The results support the hypothesis that NIDCAP in the NICU enhances aspects of executive function underlying visual-motor and memory functions.
As newborns at 2wCA
 the children who were in the NIDCAP-group showed significantly better neurobehavioral functioning as measured with the APIB
 than did the control-group children as newborns. The correlation analysis on neurobehavioral functioning measures from the newborn to the school-age study point showed, in specific, that the newborns with better attention organization displayed better EF later as reflected in the Organization (i.e. Gestalt appreciation) score in the Delayed Recall (i.e. memory) condition of the Rey-Osterrieth Complex Figure Test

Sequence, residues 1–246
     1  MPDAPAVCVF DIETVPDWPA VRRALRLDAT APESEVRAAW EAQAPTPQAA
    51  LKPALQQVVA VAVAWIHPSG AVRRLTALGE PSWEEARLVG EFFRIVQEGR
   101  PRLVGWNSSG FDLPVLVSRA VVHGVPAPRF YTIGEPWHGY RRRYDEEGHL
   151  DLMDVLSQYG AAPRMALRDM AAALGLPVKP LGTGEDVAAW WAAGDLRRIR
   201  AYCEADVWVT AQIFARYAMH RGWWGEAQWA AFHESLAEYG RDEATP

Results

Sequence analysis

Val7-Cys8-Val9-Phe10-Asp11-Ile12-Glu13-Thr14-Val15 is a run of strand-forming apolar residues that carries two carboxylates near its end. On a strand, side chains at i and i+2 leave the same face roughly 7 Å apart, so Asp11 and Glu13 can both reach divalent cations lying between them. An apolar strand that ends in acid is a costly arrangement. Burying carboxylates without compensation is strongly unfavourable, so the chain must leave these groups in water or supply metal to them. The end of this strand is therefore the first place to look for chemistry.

The demonstrated superiority in executive functioning measures for E- versus C-group IUGR children in spite of academic and IQ equivalence is consistent with the results of other investigators, who suggest that despite considerable shared variability, the measures of executive functioning maintain unique variance that is not encapsulated in the construct of global intelligence
. The demands for the skill set considered under the general rubric of EF including planning, response inhibition, working memory, organizing and strategizing ongoing behavior increase significantly in middle and later school years when the child is increasingly required to monitor and self direct behavior. It may be hypothesized that the impact of EF differences may become increasingly apparent at a later age since it is reflected in measures of independent functioning and the development and maintenance of appropriate social relationships of increasing importance at later ages.